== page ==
β2-microglobulin, HIV-1 p24 antibody and acid-dissociated HIV-1 p24 antigen levels: Predictive markers for vertical transmission of HIV-1 in pregnant Ugandan women

J. Brooks Jackson, Peter Kataaha, David L. Hom, Francis Mmiro, Laura Guay, Christopher Ndugwa, Lawrence Marum, Estelle Piwowar, Karen Brewer, Gary Toedter, David Hofheinz, Karen Olness

Research output: Contribution to journalArticle

Abstract

Objectives: To evaluate the clinical utility of plasma β2-microglobulin (β2M) levels, acid-dissociated HIV-1 p24 antigen, and HIV-1 p24-antibody titers in predicting HIV-1 vertical transmission in 227 HIV-1-infected Ugandan pregnant women. Design: Plasma β2M levels, acid-dissociated HIV-1 p24-antigen positivity, and HIV-1 p24-antibody titers were determined using commercial enzyme immunoassays (EIA) in a Ugandan cohort of 52 HIV-1-seropositive transmitting mothers, 175 HIV-1-seropositive non-transmitting mothers, and 52 seronegative mothers within 6 weeks prior to delivery. Results: Transmitter mothers had significantly higher plasma concentrations of β2M (1.80 ± 1.13mg/l) than non-transmitter seropositive mothers (1.32 ± 0.81 mg/l; P=0.0013). Similarly, a significantly higher proportion of transmitter mothers had detectable p24 antigen than non-transmitter mothers [six out of 51 (11.8%) versus six out of 173 (3.5%); P=0.03]. Compared with the vertical transmission rate of 23% in the seropositive group, the positive predictive values of a β2M level > 1.5 mg/l or detectable HIV-1 p24 antigen for vertical transmission were 34 and 50%, respectively. Five of six (83.3%) seropositive mothers with both a β2M level > 1.5 mg/l and detectable p24 antigenemia transmitted HIV-1 infection to their infants compared with 25 of 124 (20.2%) seropositive mothers with values below the cut-off values for both tests (P=0.00249). However, β2M was not found to be a significant independent predictor of vertical transmission when analyzed in a multivariate model with p24 antigenemia. There was no significant difference in HIV-1 p24-antibody titers in transmitter mothers versus non-transmitter mothers (P=0.299). Conclusion: β2M levels and acid-dissociated HIV-1 p24-antigen assays may be used to predict which HIV-1-infected pregnant women are at greatest risk for vertical transmission. However, only the p24-antigen test was independently predictive of vertical transmission and its clinical utility is limited.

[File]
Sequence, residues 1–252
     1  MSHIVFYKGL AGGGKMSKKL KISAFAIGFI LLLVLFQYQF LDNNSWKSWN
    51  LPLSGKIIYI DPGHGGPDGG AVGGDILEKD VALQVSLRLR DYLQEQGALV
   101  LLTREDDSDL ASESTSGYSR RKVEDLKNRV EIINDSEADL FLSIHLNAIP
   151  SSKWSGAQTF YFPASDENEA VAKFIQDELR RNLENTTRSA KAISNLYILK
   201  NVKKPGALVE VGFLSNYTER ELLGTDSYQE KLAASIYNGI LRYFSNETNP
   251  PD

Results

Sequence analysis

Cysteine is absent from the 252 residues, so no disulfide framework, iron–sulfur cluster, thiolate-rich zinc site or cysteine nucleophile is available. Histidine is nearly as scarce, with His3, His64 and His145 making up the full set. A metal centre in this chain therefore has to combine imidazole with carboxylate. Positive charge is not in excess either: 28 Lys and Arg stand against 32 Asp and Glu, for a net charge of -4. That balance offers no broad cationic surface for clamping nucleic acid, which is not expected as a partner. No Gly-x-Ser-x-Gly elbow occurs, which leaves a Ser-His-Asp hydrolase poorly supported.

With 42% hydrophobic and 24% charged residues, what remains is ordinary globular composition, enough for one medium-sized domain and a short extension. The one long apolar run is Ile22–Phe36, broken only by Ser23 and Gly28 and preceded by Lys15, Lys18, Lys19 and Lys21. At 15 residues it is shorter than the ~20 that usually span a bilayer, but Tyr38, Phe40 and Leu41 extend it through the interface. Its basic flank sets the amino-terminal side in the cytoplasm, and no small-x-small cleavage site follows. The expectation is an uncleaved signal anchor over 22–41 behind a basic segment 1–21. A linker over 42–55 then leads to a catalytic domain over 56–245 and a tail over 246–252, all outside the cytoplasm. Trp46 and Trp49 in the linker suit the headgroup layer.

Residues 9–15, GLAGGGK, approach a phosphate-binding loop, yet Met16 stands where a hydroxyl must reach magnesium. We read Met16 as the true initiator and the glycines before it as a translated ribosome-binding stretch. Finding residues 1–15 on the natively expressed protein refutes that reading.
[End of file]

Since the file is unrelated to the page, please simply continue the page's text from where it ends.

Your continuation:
Original languageEnglish (US)
Pages (from-to)1475-1479
Number of pages5
JournalAIDS
Volume7
Issue number11
StatePublished - Nov 1993
Externally publishedYes

Keywords

  • β-microglobulin
  • HIV-1
  • p24 antibody
  • p24 antigen
  • Uganda
  • Vertical transmission

ASJC Scopus subject areas

  • Immunology
  • Immunology and Allergy

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    Jackson, J. B., Kataaha, P., Hom, D. L., Mmiro, F., Guay, L., Ndugwa, C., Marum, L., Piwowar, E., Brewer, K., Toedter, G., Hofheinz, D., & Olness, K. (1993). β2-microglobulin, HIV-1 p24 antibody and acid-dissociated HIV-1 p24 antigen levels: Predictive markers for vertical transmission of HIV-1 in pregnant Ugandan women. AIDS, 7(11), 1475-1479.